Reviewed Media Source: Maria Full of Grace
Produced: Paul S. Mezey
Air Date: August 6, 2004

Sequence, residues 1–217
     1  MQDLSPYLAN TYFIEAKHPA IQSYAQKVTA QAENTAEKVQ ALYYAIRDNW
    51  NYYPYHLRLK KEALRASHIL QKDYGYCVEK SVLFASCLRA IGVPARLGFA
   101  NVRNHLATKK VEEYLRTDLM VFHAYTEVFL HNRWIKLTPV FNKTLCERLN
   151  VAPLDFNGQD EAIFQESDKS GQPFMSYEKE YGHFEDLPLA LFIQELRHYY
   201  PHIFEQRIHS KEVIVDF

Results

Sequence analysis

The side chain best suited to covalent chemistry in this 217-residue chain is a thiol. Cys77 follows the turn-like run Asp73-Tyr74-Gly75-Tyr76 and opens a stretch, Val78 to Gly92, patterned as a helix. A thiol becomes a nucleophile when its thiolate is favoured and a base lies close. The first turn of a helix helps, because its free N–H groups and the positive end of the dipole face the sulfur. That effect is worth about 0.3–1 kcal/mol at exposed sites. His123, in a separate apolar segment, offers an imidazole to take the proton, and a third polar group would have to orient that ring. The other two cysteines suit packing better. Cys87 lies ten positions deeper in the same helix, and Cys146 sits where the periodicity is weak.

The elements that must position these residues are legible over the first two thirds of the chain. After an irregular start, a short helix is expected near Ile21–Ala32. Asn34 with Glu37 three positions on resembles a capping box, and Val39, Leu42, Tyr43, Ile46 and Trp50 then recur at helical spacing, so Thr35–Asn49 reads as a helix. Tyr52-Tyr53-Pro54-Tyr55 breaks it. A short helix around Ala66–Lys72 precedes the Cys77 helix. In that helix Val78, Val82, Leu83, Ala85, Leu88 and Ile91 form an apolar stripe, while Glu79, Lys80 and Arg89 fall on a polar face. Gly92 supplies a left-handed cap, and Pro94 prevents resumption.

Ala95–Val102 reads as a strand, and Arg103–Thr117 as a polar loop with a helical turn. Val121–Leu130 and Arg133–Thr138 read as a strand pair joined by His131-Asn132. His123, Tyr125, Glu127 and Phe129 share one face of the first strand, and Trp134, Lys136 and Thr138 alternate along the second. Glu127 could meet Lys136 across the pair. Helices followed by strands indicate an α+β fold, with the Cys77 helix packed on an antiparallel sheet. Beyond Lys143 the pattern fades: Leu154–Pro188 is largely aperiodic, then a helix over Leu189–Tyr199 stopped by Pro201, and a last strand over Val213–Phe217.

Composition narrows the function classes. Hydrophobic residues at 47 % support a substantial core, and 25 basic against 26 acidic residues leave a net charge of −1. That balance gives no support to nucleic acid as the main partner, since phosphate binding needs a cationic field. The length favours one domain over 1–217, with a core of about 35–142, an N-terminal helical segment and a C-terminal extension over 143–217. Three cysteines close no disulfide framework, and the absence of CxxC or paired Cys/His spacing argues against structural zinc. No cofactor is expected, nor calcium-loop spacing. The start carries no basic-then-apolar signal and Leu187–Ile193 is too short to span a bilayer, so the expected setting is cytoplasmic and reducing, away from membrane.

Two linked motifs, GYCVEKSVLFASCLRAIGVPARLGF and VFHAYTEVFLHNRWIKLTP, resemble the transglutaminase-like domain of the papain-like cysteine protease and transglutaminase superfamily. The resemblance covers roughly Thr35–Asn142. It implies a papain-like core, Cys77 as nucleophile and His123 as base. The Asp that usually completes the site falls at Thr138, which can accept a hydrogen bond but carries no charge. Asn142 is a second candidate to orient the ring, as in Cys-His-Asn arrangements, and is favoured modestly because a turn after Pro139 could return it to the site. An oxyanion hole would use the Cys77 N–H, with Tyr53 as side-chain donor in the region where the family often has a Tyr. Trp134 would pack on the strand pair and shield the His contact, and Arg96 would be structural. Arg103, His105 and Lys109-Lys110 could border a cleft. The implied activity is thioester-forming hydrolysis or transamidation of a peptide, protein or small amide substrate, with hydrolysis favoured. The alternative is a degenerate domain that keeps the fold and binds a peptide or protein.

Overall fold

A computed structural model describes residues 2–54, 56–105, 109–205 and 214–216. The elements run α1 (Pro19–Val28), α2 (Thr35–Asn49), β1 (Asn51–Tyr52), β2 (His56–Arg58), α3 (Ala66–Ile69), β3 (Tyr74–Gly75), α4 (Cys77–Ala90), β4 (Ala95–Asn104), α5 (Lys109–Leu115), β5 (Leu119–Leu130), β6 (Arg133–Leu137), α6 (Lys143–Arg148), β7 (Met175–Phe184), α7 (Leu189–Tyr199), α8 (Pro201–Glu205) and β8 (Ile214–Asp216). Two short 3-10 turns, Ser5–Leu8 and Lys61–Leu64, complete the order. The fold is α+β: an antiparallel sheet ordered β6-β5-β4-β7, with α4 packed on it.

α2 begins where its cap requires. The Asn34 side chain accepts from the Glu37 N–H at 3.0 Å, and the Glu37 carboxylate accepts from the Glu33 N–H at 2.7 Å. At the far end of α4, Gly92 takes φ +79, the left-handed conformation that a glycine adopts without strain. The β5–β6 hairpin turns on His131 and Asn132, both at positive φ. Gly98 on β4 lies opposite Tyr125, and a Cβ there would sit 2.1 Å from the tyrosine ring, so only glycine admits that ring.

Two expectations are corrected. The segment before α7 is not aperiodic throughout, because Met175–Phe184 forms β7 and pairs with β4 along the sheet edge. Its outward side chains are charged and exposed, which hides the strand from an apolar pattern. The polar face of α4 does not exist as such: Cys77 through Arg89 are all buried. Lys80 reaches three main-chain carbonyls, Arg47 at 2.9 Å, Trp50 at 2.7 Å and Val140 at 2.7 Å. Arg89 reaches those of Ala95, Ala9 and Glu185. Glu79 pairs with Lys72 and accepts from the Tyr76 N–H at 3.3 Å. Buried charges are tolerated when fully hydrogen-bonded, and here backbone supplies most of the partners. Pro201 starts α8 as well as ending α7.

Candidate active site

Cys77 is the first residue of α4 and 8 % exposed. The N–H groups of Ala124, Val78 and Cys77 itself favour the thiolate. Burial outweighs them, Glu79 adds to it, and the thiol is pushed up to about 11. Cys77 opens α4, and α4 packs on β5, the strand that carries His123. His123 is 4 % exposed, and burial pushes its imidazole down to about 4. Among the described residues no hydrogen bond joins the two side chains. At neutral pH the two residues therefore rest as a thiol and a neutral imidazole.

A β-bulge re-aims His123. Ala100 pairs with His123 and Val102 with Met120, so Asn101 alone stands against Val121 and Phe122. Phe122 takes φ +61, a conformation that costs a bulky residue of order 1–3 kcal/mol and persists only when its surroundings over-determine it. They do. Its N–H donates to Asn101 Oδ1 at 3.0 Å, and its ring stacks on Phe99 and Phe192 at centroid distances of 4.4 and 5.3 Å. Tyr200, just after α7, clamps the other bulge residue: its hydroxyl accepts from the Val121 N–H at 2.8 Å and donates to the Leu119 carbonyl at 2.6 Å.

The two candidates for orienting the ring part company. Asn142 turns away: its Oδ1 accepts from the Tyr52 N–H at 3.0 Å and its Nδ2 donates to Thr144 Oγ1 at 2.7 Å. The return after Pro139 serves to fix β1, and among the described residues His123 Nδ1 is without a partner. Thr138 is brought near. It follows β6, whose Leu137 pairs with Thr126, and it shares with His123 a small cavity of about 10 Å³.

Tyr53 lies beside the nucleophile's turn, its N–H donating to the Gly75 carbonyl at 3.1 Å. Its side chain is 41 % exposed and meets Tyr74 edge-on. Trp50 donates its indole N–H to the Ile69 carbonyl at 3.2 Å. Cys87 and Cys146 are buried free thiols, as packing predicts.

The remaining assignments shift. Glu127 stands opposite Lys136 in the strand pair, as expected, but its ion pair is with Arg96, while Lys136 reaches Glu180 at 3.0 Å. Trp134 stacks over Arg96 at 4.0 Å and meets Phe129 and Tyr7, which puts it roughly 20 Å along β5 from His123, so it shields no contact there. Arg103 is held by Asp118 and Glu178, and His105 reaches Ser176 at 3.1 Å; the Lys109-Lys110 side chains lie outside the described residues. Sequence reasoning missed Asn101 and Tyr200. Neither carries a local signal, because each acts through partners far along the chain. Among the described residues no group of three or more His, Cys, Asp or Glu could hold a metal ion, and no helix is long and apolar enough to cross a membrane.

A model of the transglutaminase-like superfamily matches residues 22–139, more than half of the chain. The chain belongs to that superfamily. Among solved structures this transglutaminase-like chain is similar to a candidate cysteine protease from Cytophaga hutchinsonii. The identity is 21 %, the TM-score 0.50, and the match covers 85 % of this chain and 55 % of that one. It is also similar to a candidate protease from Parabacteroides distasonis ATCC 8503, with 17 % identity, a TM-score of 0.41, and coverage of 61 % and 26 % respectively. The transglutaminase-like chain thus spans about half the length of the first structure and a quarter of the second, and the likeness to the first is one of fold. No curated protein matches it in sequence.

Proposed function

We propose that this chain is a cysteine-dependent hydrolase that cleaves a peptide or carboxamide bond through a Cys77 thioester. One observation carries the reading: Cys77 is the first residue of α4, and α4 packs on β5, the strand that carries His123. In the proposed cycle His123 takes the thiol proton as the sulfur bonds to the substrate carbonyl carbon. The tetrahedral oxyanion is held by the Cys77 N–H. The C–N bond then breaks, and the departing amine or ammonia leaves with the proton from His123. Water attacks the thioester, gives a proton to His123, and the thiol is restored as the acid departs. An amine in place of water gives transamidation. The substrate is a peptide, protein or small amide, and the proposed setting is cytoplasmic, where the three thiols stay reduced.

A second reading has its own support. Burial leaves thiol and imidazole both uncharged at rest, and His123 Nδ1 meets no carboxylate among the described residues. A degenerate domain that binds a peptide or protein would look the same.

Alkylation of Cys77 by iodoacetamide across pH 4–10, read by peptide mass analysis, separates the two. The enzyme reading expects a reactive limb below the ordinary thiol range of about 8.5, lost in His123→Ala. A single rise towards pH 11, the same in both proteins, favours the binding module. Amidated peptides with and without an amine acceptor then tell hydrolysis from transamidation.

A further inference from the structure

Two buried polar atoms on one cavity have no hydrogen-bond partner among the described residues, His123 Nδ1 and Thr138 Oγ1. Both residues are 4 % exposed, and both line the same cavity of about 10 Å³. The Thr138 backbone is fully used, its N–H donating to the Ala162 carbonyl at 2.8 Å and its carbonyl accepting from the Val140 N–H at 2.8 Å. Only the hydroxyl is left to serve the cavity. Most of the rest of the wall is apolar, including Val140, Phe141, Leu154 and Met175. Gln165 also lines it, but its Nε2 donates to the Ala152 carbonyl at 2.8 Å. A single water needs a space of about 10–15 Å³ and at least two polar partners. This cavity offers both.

This movie helps us as a society understand the perceptions that media may display about immigrants; often these are the perceptions individuals use to determine their opinion about immigrants. The movie begins by showing us the life of a young seventeen-year-old girl, Maria Alvarez, living in Columbia. We learn quickly that she has a very difficult and stressful life to be as young as she is. The responsibility of providing financial assistance for her family gives her the important responsibility of taking care of her family. She works hard to provide for her family, often dealing with sweatshop like conditions while working. It doesn’t help that she also has a troubled love life with her boyfriend, she quickly learns that she has become pregnant. She quits her job and travels to Bogota, the capital of Columbia. She has intentions of finding a better job when she leaves, but little does she know her life is about to change. She meets a man who gives her a proposition to become a drug mule, meaning she will have to swallow and carry drugs into the United States. She accepts because she needs the money to support her family. Her pregnancy also becomes a valuable tool to avoid many of the airport’s extensive security checks.